Computers, Software and Related Items
Computer - Digital photography requires a computer for storing, organizing, processing and printing photos. While it is possible to use a mobile device (smartphone, tablet, etc.) for these functions, a powerful computer will allow you to work far more efficiently. We have several Macs but we use a fully-loaded 27" iMac 5k with a second monitor, plus an iPad, or sometimes an iPhone, in the field to check photos and for remote work. The Mac works far better for us due to our thorough familiarity with it and because we use Apple's iCloud extensively to run our business and manage our lives. Whether you use a Mac or Windows machine, processing photos is greatly enhanced by a lot of RAM and a fast processor. We use Adobe Lightroom for the almost all of our photography needs, reserving Photoshop, the Nik Suite, Photo Ninja and other software for the rare times when Lightroom alone is not sufficient.
We have worked with Photoshop for twenty years and, although it can do almost anything a photographer might want (and a lot more), Lightroom is far more efficient and flexible at processing and, importantly, it offers far superior digital asset management, as well as printing, and other functions. We used Apple's Aperture for several years but Lightroom makes it obsolete. Although we rarely make sweeping suggestions, Lightroom's capabilities are so extensive, and it is so well designed for photographers, that almost every serious photographer uses it – and you should too. With Adobe's CC plan you get Lightroom and Photoshop for $10 per month. This is a great deal!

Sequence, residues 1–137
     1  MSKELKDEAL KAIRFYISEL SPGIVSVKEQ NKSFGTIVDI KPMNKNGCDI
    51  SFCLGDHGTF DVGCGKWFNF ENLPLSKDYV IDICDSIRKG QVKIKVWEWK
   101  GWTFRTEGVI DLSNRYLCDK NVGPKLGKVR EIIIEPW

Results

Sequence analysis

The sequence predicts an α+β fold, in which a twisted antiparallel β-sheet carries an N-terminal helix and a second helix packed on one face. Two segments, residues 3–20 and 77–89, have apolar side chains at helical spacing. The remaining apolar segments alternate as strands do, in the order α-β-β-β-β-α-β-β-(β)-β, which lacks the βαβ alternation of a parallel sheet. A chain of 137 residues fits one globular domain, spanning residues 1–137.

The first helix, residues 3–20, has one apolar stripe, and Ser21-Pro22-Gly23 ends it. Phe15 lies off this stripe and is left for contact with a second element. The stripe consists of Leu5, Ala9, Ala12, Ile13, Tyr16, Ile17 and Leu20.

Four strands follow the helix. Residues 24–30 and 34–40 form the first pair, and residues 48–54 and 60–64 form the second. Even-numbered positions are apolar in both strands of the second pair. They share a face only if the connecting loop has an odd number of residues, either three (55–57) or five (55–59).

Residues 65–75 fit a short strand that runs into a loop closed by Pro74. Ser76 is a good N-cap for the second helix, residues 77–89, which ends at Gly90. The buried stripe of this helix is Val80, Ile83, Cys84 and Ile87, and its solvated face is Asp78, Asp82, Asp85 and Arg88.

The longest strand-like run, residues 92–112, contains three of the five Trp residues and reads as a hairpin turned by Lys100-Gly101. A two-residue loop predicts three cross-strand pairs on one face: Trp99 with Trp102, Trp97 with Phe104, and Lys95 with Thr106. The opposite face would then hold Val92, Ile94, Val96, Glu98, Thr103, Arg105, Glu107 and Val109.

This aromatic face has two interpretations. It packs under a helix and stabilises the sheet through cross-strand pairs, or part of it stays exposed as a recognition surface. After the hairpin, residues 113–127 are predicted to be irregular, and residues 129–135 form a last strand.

If you travel a lot you should consider a powerful laptop instead of (or in addition to) a desktop machine. However, the more devices you use, the more carefully you must plan your workflow. This is no small matter.
iPad (or other tablet) - These are great for checking photos in the field, storing photos for later transfer to a computer, and for photography apps. Tablets are also a great way to share photos without a computer. Smart phones do this too but their small size is a drawback in most cases.